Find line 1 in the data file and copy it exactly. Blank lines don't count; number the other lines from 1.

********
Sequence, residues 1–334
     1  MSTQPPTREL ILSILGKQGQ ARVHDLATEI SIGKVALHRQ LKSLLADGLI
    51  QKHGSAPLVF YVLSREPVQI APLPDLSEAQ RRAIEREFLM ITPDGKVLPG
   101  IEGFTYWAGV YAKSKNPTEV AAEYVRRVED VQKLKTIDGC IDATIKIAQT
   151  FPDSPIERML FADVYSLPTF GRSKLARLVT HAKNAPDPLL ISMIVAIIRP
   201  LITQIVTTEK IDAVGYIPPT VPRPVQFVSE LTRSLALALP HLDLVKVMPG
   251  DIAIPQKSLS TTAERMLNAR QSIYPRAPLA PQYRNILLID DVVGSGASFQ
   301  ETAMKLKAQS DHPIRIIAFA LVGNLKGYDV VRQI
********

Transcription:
Sequence, residues 1–334